### greatest common divisor in ocl

How can I write an operation gcd(x : Integer, y : Integer) : Integer which returns the greatest common divisor of two positive integers (the largest integer which divides both of them exactly) in ocl?...Read more

How can I write an operation gcd(x : Integer, y : Integer) : Integer which returns the greatest common divisor of two positive integers (the largest integer which divides both of them exactly) in ocl?...Read more

I'm trying to prove the gcd algorithm with Dafny and it's apparently not that simple. What I have so far (not much indeed) is a functional specification, and Dafny manages to prove that compute_gcd behaves like it. However, when I remove the comments [1], [2] and [3] Dafny failsto prove that the functional specification has the desired properties:function gcd(a: int, b: int) : (result : int) requires a > 0 requires b > 0 // [1] ensures (exists q1:int :: (q1 * result == a)) // [2] ensures (exists q2:int :: (q2 * result == b)) ...Read more

I am given a finite non decreasing arbitrary array. I can add zero or more to the individual elements of the array. What is the minimum additions required to ensure than the gcd of the array is strictly greater than 1? The non decreasing condition should hold....Read more

I can calculate the GCD of two numbers. given a set S = {1,2,3,4,5} and i have to calculate the GCD of each pair like {1,2} = 1, {1,3} =1 , {1,4} = 1, {1,5} = 1, {2,3} = 1, {2,4} = 2, {2,5} = 1 and so on. I know the O(N^2) solution by just simply calculate the GCD of each pair which will give me TLE in case of big set for 2<=n<= 10^9 or more but i want to learn O(N*sqrt(N) ) solution or more better. i want the GCD of each pair separately....Read more

The following relation works only for two (3, 12) numbers, it fails to produce the right answer when used for three numbers (3,12,10) . Just wondering if is it my understanding or it is just for two numbers and for me same is true for Euclid algorithm as well.LCM(a, b) = (a x b) / GCD(a,b) or GCD(a,b) = (a x b) / LCM(a, b)...Read more

I have a number N (integer 32 bits) that I need to "factor" into 1-16 product and sum parts. Let me explain:For $N = 256$, I want: $(16 \times 16)$For $N = 257$, I want: $(16 \times 16) + 1$For $N = 512$, I want: $(16 \times 16) \times 2$For $N = 530$, I want: $(16 \times 16 \times 2) + (2 \times 9)$For $N = 531$, I want: $(16\times 11 \times 3) + 3$The minor number of sums are better, i.e., products should be preferred.Is there a algorithm for this?...Read more

Suppose two bells rang at particular intervals but starting from a different time. First time when it will ring together is ?e.g.,First bell starts at 3, and repeats at regular interval of 5.Second bell starts at 2, and repeats at regular interval of 2.\begin{array}{|c|c|c|c|c|c|}\hlineTime& 1 & 2 & 3 & 4 & 5 & 6 & 7 & 8 \\ \hlineBell1& - & -& \checkmark & - & - & - & - &\checkmark\\ \hline Bell2& -& \checkmark& - & \checkmark & - & \checkmark & - &...Read more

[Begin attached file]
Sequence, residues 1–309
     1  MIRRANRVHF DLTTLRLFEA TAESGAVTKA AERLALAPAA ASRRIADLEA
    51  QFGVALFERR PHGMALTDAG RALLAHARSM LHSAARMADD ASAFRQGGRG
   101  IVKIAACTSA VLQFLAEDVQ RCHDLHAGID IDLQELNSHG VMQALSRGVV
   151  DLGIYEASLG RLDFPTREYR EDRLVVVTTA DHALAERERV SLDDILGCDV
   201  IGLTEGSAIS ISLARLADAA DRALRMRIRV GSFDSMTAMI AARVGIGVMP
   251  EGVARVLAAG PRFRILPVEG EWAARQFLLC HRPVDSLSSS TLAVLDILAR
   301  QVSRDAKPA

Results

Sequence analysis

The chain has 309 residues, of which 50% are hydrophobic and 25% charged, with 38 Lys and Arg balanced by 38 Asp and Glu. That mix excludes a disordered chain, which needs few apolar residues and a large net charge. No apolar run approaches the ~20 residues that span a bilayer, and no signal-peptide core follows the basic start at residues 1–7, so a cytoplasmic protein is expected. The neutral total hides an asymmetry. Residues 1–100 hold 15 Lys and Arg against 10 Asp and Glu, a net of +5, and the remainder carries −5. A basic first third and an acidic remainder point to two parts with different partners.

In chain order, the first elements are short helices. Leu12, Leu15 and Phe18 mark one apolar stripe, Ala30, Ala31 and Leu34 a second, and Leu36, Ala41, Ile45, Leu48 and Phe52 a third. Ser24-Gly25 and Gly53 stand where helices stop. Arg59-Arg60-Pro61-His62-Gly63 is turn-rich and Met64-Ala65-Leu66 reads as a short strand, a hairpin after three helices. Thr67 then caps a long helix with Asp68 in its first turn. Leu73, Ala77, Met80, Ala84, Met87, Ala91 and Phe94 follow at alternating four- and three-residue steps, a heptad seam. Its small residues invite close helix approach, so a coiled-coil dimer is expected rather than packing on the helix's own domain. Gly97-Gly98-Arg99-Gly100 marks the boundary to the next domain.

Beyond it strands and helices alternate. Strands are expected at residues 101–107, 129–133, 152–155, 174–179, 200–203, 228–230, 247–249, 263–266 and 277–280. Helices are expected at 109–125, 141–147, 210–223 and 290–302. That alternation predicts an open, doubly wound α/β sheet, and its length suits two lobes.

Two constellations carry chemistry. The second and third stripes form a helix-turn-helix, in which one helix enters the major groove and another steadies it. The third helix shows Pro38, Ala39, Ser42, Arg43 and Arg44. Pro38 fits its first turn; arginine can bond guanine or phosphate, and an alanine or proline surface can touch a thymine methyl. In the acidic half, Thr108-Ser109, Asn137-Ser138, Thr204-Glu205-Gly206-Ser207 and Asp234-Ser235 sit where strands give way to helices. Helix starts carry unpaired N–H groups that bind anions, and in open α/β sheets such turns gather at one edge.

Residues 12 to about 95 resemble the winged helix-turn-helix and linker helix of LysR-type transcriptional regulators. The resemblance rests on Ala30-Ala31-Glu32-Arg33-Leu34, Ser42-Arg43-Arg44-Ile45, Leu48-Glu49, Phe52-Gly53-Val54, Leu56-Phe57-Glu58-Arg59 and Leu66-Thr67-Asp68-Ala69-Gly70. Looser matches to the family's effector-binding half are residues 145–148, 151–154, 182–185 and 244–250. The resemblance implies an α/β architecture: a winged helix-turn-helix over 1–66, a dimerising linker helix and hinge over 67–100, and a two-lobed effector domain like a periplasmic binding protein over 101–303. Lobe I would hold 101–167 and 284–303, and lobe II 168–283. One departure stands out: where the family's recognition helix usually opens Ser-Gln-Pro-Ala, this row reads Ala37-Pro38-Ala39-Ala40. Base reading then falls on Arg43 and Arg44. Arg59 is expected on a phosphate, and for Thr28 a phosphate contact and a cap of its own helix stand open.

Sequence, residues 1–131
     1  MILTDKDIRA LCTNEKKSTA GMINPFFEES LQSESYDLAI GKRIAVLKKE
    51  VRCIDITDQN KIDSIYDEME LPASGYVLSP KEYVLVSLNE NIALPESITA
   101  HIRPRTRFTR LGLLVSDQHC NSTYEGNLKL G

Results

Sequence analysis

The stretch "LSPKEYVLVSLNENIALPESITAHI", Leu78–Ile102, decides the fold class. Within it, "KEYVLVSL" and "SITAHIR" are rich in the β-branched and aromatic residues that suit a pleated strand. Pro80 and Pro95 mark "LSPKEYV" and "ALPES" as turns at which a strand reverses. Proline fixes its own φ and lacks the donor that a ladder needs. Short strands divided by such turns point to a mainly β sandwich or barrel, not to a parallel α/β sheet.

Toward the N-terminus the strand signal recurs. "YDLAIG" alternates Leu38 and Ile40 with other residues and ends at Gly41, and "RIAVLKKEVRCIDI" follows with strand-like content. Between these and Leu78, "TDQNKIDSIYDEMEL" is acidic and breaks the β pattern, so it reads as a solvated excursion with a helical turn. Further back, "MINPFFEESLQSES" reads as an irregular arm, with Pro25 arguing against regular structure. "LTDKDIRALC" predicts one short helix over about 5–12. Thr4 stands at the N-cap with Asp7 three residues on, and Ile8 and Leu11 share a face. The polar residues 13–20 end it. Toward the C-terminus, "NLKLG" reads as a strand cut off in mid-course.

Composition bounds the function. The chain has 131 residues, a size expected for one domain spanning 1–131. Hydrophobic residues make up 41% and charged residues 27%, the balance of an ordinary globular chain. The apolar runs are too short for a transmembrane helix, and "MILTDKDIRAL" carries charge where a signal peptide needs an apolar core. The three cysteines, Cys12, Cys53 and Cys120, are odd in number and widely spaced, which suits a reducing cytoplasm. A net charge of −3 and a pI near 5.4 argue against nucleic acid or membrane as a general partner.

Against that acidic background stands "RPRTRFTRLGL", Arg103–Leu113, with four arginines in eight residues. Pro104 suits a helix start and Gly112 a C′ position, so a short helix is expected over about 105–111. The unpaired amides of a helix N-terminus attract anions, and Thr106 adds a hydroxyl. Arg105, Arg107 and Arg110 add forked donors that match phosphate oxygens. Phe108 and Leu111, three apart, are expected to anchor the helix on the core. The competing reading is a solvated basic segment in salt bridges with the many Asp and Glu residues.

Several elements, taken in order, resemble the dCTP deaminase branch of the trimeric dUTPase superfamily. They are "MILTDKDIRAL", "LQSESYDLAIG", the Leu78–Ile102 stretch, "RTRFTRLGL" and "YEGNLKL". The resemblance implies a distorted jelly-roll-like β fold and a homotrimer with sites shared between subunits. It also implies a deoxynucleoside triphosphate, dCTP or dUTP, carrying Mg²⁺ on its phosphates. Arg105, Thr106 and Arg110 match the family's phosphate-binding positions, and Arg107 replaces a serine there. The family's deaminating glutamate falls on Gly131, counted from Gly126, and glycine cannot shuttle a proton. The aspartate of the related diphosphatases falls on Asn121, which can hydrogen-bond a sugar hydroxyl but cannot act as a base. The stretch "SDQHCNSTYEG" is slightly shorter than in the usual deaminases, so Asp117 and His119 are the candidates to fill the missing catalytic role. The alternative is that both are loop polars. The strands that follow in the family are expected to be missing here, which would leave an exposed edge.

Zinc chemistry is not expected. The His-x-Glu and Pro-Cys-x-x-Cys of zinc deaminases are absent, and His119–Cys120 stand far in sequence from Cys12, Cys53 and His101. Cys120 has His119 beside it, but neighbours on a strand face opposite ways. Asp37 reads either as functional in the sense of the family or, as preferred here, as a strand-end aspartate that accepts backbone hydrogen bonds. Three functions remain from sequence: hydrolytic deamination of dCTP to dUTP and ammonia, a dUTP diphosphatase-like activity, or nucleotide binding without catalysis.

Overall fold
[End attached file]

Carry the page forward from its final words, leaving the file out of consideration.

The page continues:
The least common multiple of 125 and an unknown number x is 45 times their greatest common divisor. Here is what I've tried:Let $\gcd(125,x) = G$ and $\mathrm{lcm}(125,x)=L$.We know$$125 \times x = G \times L \ \text{ and } L = 45G \implies 125x = 45G^2 \implies \frac{25}{9}x = G^2.$$Because $G$ is an integer, so are $x$ and $G^2$, so $9|x$.We know $125\times x = 45G^2$. The two numbers are not relatively prime, because $G \ne 1$. So the number we are looking for should at least be divisible by $5$, and hence by $45$. By trying out mult...Read more

I'm trying to answer this question which has a hint: think about $\mathbb Z_{3600}$. I tried to set up a linear equation,$\mod{3600},$ without any success. Not even the factorization of $3600$ gives me any ideas on how to set the problem. Any help?...Read more

Let b and c ∈ Z. Suppose that b and c are relatively prime. Show that for all integers a, gcd(a, b) and gcd(a, c) are relatively prime....Read more

Recall the general definition of a gcd in a commutative ring $R$.For $a \in R$, $\mathcal D(a)$ is the set of elements that divide $a$ and if $S \subset R$, $\mathcal D(S) = \cap_{s \in S} \mathcal D(s)$We say that $d$ is a gcd of $a$ and $b$ and we write $d \in \gcd(a,b)$ whenever we have $ d \in \mathcal D(a,b) \subset \mathcal D(d) $.I would like to prove that, within the ring $\mathbb Z$ every pair of natural numbers has a gcd, that is, $\forall a,b \in \mathbb{N} \quad \gcd(a,b) \neq \emptyset $.Of course, they all have a gcd for the order...Read more

This question already has an answer here: Identity involving LCM and GCD 1 answer...Read more

The greatest common divisor of a natural number $n$ and $90$ equals 18. The GCD of $n$ and $120$ equals 12. How can I find the GCD of $n$ and $900$?...Read more

So I was given this question: $n = 2^{16}3^{19}17^{12}$Find $\gcd(n, 40!)$ and $\operatorname{lcm}(n, 40!)$. I understand how to find the GCD and LCM when its two really large numbers (given their prime factorization), But I'm not sure how Id do something like this. Given we're not allowed to use calculators, I assume there is a way to find this.EDITSo I did (floor of each by the way)v2(40!) = 40/2 + 40/4 + 40/8 + 40/16 + 40/32 = 38v3(40!) = 40/3 + 40/9 + 40/27 = 18v17(40!) = 40/17 = 2So what do I do from here?...Read more

This question already has an answer here: If $\gcd(a,b)=1$ and $\gcd(a,c)=1$, then $\gcd(a,bc)=1$ 7 answers...Read more